Guide To Patents: Everything You Need to Know
Patents provide inventors protection for the products and processes that they create.3 min read
Patents provide inventors protection for the products and processes that they create. Individuals, small-business owners, and seasoned inventors all benefit from these protections, but there's a lot to consider before deciding whether to file a patent application. Patents are only beneficial in certain circumstances, for example, and the filer must carefully consider whether a patent is more important than keeping an invention confidential. Get a handle on what patents are, what you can and must include in your application, and the value of a patent attorney to help you move forward with protecting your invention.
What Are Patents?
A patent is issued by the U.S. Patent Office and provides the patent holder protections that prohibit others from making, using, or selling the invention outlined in the document. A license agreement, on the other hand, give third parties permission to reproduce, use, and sell your invention without infringing on your rights or transferring ownership.
The patent application process must be approached with great care. Having a patent denied and filing a new application is costly and time consuming, and because patent applications are public, information about your new invention could be disclosed to the public.
Moreover, a patent isn't a guarantee of success. Think carefully about how you'll utilize the patent and why you need one before applying. For example, you might use a patent to entice investors or to obtain licensing to secure royalties for an invention that others will use.
Why File a Patent?
Essentially, a patent grants the inventor a temporary monopoly over the invention. The patent holder may use this period, typically 20 years, to develop the invention without worrying about someone stealing the idea and taking it to market before the inventor perfects their product or process.
A patent can also be a powerful negotiating tool for businesses. Indeed, an individual or enterprise may file a patent for the purpose of selling a product or process rather than developing it themselves.
Trademarks, copyrights, industrial designs, and integrated circuit topographies all grant inventors certain rights, but they're all different from the protections afforded through a patent. An inventor needs to take out a patent to safeguard a new invention, a product or process, or a new, practical addition to an existing invention.
Before you file a patent application, be aware that the information in the document will be available to the public. Some companies forgo patent applications in order to keep their trade secrets private. For example, Coca-Cola has never patented its drink recipe. You may want to keep your invention secret until you're ready to launch it.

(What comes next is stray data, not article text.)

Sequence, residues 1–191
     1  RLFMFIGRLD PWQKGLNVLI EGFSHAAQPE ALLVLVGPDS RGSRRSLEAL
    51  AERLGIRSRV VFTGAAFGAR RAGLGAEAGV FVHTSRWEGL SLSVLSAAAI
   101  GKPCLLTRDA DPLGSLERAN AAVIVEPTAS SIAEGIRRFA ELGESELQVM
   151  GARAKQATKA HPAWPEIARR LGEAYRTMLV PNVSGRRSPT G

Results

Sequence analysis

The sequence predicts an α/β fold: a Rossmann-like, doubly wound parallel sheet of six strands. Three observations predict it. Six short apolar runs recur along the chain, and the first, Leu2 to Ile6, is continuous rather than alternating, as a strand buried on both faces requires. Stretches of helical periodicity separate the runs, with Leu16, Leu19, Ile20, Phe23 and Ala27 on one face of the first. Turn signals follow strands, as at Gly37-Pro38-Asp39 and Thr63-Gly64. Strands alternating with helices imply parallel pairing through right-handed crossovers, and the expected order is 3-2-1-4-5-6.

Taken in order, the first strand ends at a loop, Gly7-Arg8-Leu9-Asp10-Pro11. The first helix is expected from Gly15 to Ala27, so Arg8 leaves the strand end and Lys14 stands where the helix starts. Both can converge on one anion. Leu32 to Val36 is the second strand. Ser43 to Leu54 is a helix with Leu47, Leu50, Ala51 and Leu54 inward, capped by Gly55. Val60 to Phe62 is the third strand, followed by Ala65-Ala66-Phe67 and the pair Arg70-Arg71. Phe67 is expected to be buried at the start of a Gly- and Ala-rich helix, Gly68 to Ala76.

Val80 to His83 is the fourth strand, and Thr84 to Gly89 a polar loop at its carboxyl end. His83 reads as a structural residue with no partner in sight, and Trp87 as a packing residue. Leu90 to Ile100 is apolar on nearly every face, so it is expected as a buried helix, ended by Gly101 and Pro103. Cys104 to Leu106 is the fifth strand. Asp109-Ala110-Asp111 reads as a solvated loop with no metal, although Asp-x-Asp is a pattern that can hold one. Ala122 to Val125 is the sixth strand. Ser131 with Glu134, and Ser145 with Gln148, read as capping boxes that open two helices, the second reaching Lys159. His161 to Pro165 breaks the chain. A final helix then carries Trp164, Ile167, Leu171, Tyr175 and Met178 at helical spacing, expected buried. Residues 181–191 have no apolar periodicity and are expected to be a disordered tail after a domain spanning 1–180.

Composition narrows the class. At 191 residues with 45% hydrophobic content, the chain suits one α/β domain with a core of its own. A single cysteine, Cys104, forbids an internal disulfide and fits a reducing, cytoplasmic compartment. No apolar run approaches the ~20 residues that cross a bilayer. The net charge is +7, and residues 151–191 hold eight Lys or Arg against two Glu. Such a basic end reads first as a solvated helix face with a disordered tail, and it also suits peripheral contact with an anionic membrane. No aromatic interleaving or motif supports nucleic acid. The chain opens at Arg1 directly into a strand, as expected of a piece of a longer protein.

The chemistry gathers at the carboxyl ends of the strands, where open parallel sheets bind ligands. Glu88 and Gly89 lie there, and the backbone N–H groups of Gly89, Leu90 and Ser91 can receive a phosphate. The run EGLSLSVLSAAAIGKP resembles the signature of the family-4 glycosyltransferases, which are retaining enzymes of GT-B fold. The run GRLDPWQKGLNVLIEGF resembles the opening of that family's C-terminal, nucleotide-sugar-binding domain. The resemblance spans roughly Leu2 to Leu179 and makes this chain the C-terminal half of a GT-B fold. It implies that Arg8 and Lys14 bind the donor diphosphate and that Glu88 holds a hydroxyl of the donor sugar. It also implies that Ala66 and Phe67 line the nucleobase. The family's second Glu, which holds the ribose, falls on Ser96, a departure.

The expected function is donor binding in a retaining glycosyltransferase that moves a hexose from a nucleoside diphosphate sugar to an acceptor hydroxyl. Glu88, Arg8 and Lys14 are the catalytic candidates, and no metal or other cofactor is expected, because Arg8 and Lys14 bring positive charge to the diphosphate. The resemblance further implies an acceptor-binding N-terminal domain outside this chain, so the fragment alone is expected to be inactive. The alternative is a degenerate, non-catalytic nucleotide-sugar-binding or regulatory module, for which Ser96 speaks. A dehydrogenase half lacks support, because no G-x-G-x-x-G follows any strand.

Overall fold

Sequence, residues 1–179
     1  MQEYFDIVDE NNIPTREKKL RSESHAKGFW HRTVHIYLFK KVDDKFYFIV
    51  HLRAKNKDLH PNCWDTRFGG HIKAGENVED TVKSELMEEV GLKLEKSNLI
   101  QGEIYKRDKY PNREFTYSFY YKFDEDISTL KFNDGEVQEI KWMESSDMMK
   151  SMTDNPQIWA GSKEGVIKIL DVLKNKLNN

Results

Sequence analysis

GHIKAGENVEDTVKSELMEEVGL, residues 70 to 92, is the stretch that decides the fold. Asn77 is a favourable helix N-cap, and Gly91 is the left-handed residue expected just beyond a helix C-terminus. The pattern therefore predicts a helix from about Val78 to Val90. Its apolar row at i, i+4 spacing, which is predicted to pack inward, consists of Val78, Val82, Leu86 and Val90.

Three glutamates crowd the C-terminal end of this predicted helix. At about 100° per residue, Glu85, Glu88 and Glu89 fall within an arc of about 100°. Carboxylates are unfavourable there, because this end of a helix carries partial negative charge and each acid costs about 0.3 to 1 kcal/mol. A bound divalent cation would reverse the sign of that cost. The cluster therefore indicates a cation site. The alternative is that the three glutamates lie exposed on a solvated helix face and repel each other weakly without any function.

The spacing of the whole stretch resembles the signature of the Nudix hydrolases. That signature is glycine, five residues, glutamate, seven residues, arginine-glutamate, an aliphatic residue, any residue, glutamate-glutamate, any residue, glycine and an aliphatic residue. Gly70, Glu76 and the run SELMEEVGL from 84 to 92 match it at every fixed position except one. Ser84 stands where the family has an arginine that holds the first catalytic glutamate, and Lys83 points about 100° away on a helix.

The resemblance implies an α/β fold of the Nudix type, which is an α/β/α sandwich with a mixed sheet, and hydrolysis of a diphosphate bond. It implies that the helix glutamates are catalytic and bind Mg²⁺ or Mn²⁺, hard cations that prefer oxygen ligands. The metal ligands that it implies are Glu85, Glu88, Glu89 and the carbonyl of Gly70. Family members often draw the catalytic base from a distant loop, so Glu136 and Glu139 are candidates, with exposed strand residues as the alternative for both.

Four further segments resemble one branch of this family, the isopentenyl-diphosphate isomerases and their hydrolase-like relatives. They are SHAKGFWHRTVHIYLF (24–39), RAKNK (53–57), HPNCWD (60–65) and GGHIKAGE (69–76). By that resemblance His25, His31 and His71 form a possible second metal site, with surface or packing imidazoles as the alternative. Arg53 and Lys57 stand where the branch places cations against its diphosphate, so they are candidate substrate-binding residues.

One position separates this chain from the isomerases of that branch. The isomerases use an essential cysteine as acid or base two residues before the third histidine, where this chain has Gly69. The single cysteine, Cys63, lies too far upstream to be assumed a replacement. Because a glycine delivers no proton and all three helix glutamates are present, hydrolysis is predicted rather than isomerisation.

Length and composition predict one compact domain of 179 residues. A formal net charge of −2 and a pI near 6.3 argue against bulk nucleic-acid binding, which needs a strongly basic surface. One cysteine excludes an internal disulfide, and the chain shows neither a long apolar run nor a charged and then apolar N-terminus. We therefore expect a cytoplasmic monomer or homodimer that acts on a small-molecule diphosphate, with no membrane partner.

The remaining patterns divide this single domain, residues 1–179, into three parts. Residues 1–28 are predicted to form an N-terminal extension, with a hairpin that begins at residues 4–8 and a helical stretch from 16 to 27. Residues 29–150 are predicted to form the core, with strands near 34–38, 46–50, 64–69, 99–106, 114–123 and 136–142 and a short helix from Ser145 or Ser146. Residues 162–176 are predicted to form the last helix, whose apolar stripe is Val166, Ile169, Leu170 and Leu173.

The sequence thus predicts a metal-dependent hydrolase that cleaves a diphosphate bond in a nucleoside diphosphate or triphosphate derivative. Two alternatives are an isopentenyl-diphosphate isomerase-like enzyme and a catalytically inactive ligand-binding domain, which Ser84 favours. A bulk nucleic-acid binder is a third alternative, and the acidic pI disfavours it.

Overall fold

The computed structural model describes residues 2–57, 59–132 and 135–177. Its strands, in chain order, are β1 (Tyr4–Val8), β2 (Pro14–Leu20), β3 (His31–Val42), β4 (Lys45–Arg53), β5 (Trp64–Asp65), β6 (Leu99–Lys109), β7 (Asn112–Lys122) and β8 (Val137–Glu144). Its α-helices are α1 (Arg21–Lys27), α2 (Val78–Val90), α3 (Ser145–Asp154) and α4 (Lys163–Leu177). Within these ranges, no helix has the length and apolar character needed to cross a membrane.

What Can Be Included in Patent Applications?
The U.S. Patent Office grants patents exclusively for products and processes, not just ideas. The patent application must include enough concrete information to distinguish a practical invention from a vague concept.
However, you do not need a prototype or working model of the invention before you patent it. You simply must be able to describe the invention's function and construction in clear enough detail that someone else with the necessary practical knowledge could explain and replicate the invention.
The U.S. Patent Office outlines some basic criteria for patents:
- Novelty: The invention must be new and not infringe on a patent for another invention or any concept that belongs to the body of public knowledge (“prior art”).
- Utility: The invention must have a clear function.
- Inventiveness: The invention must be new or improve an existing technology.
You can patent an invention that is a physical item, a formula for a chemical product, a machine, a process for making something, or an improvement to one of these things.
Most patents that people file aren't for inventions made from scratch. Rather, they're usually for novel improvements to existing products and processes. You may also sign a license agreement with the patentee of an invention, further develop a patented item, and secure a new patent for your modifications.
The Role of a Patent Attorney or Patent Agent
A patent attorney plays a key role in verifying that your invention doesn't infringe on anyone else's property, negotiating license agreements and royalties, and confirming that your application includes all necessary information.
If you need more help with patents, you can post your legal need on UpCounsel's marketplace. UpCounsel accepts only the top 5 percent of lawyers to its site. Lawyers on UpCounsel come from law schools such as Harvard Law and Yale Law and average 14 years of legal experience, including work with or on behalf of companies like Google, Stripe, and Twilio.